“Hell’s Angels love to fistfight. There’s never a shortage of drunks or foolhardy motherfuckers willing to take us on, and a lot of times we’ll take on each other. Armond Bletcher stood 6″8″ and weighed 350 lbs. He was so strong he could pick up a couple motorcycles and put them on the back of a pickup truck. In the early ’70s Armond could bench 705 lbs., but he had to arch his back to do it. He was never in competition, but he took steroids and was unbelievably big.”
–Ralph “Sonny” Barger
Jesus-H-Christ this was a big ass dude. Depending on who’s telling it, Armond Bletcher was somewhere between 6′ 3″ – 6′ 8″, and tipped the scales around 300 – 350 lbs. A friend of the Fresno Hells Angel, and a feature favorite with the staff at Easyriders magazine, Armond was literally a giant among men and a controversial figure to this day. There are many colorful tales– It’s reported that as a doorman he got away with shooting a man to death, that he was a known hitman, also Frank Sinatra’s bodyguard, and that he took horse steroids to achieve and maintain his enoromous size.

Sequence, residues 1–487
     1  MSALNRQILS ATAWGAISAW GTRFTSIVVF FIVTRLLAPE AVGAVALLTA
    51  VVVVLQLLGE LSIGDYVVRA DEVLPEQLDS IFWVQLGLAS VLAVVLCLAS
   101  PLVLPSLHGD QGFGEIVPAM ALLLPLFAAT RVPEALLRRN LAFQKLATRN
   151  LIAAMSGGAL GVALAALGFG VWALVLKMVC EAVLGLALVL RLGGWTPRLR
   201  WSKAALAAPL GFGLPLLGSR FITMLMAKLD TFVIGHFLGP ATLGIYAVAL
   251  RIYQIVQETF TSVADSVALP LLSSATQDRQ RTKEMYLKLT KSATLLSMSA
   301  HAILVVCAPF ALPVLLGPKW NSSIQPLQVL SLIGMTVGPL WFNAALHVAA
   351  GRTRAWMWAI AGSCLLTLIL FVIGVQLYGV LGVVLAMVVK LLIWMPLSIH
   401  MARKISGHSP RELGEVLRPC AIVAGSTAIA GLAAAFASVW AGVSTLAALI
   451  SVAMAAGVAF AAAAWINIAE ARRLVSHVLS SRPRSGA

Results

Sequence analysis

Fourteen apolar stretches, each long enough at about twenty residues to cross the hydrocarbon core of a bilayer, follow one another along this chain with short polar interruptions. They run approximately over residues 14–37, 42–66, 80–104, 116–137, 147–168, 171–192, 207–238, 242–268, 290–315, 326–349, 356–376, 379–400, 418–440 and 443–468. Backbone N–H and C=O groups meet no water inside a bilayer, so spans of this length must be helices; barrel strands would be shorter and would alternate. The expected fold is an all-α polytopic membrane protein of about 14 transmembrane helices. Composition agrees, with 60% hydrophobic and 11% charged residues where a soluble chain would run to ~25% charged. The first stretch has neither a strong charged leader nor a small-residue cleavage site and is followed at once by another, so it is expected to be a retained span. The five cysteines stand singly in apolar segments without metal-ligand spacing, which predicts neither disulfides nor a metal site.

A few weeks back, Dan Daughenbaugh’s 1951 BSA Star Twin custom bike generated a ton of buzz and picked up the 1st Place People’s Choice Award at the Triumph National Rally in Oley, PA. To hear the story of how the charred engine was literally plucked from the ashes of a garage fire in Philly to be reborn as the Greasy Gringo is pretty cool. In Dan’s words, “They had a Fire Sale, and there it was blackened and charred. All the pot metal parts had melted off but the cases were still good!” He took it home and dedicated himself to machining it into a land speed record bike in his barn, and mostly on a mill dating back to the 1940s.